Aurélien Francillon is Assistant Professor within the Digital Security Department of EURECOM, where he teaches system security. His principal research interest is in the security of embedded devices, from low-end microcontrollers to high-end smartphones. The study of those devices requires a holistic approach for their analysis and design. Therefore, he is interested in several topics such as software security, architecture support for security, wireless and wired network security and privacy. Moreover, he is especially interested in the boundaries between software and hardware, which have been often less explored with a security mindset.
Boris Köpf is an associate research professor at the IMDEA Software Institute in Madrid, Spain. Boris’ research focuses on the foundations of computer security. In particular, he is interested in quantitative notions of security, and in techniques for computing corresponding guarantees for real systems. He applies his research to the analysis of side-channel attacks (and countermeasures) and to privacy-preserving data publishing.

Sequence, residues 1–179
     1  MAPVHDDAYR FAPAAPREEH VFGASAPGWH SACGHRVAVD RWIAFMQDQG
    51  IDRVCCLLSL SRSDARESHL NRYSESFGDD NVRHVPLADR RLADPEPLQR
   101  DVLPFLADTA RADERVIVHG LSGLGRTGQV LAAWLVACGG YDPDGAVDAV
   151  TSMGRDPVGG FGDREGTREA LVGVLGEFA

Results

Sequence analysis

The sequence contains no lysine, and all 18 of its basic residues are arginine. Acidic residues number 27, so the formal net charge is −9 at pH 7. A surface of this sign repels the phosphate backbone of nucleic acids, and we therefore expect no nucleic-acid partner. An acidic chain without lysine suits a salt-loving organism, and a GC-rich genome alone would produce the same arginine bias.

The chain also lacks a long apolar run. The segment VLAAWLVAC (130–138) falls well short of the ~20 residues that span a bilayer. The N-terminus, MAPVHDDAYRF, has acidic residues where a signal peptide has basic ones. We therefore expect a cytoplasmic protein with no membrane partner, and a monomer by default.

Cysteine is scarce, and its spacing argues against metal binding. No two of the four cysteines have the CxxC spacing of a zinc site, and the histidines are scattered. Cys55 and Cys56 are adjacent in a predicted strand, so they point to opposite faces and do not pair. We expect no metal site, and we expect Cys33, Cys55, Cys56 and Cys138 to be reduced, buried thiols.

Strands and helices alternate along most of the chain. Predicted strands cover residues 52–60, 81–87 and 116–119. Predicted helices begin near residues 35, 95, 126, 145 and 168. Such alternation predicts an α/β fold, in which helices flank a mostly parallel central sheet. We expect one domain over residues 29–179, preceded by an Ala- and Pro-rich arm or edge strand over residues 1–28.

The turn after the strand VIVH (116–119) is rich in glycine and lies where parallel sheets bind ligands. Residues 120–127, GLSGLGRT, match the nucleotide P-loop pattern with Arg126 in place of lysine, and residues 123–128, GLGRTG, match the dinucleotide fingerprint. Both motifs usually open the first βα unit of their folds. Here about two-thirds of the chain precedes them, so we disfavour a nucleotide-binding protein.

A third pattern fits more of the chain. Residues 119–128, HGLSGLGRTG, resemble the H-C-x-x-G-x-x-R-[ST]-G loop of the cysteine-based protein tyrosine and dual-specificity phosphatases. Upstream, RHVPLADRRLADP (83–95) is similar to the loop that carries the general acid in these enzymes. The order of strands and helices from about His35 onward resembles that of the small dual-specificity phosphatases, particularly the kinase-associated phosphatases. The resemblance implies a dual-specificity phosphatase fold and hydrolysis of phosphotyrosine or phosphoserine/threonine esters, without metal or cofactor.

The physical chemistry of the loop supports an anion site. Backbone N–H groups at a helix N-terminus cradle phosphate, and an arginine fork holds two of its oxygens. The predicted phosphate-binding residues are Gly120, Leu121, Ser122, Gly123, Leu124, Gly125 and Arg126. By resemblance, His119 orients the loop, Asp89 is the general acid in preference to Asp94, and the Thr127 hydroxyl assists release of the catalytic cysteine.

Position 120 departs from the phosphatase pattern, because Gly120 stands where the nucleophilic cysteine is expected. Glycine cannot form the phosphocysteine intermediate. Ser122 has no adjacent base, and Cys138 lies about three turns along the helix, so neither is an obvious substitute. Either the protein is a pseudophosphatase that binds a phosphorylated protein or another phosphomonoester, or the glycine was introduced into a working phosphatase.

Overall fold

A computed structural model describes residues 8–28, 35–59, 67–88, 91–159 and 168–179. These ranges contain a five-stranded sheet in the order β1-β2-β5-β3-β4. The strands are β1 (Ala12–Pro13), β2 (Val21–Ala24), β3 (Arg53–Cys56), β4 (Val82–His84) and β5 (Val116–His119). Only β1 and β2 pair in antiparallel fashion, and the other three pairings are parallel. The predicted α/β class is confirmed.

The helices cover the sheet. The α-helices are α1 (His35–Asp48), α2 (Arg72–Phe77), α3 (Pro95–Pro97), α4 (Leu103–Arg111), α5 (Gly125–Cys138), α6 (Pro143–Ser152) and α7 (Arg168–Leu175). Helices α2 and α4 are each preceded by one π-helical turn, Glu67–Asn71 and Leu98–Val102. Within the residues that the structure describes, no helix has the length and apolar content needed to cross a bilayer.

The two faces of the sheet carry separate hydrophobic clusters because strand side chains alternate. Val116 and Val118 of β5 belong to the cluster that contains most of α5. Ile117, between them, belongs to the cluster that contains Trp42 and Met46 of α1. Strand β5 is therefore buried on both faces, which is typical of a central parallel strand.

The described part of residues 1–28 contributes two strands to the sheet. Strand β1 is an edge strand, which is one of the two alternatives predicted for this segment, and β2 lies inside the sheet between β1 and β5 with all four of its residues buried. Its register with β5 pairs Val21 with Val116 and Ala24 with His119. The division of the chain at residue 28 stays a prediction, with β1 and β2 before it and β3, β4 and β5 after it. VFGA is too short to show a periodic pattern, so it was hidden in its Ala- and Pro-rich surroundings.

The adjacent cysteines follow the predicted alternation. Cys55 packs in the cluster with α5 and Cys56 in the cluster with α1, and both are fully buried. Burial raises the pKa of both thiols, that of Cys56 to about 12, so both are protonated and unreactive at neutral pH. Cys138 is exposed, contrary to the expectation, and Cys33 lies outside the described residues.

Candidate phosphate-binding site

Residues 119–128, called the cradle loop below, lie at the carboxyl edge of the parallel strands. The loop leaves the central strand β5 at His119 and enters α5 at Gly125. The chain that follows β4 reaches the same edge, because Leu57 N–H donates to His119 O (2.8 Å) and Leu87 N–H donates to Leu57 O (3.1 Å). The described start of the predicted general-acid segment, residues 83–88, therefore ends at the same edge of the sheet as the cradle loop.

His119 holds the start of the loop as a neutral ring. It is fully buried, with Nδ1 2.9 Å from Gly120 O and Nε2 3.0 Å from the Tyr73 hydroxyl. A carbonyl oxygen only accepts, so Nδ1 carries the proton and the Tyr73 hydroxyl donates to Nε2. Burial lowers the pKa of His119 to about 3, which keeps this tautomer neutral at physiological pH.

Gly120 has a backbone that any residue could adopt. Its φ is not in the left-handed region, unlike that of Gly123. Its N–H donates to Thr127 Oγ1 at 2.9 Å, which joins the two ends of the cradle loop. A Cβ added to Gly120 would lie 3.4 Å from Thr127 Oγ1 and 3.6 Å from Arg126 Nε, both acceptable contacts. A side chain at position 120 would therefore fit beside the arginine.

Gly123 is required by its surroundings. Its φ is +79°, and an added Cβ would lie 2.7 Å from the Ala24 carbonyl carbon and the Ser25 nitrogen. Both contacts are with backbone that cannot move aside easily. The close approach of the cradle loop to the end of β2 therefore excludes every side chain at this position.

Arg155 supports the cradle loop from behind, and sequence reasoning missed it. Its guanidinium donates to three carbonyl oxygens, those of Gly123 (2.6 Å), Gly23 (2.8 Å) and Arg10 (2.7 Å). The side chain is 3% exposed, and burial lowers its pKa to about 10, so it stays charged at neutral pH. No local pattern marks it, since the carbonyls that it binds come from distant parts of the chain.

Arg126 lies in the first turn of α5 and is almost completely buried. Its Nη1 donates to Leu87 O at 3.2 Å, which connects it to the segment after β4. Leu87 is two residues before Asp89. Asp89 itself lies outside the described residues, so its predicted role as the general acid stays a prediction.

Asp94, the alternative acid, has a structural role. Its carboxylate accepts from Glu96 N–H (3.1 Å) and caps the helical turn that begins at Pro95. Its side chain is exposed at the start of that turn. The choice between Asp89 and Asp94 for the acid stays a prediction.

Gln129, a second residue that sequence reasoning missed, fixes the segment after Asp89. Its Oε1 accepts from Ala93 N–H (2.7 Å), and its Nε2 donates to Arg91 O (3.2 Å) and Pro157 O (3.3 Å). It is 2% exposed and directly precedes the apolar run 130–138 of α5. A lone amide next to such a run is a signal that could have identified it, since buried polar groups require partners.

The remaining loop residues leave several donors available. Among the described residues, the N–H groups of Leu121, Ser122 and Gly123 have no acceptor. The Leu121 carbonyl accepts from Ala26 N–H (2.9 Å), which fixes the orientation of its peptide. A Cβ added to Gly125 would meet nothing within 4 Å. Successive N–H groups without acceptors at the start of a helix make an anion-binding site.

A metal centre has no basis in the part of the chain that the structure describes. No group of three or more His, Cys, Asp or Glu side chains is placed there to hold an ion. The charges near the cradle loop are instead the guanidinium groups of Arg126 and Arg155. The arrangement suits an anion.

Matteo Maffei is W2 professor at Saarland University within the Competence Center on IT-Security, Privacy, and Accountability, where he is heading the Secure and Privacy-preserving Systems Group. He joins TU Vienna as full professor and head of the Security and Privacy group in spring 2017. His main research interests are the design of cryptographic solutions to protect the privacy of users in the digital world and in the development of verification techniques to enforce security and privacy properties in programs, devices, and systems. More specifically, this embraces formal analysis of security and privacy properties in distributed systems as well as formal analysis of mobile apps, program verification, security and privacy by design, privacy-enhancing technologies and privacy in cloud applications.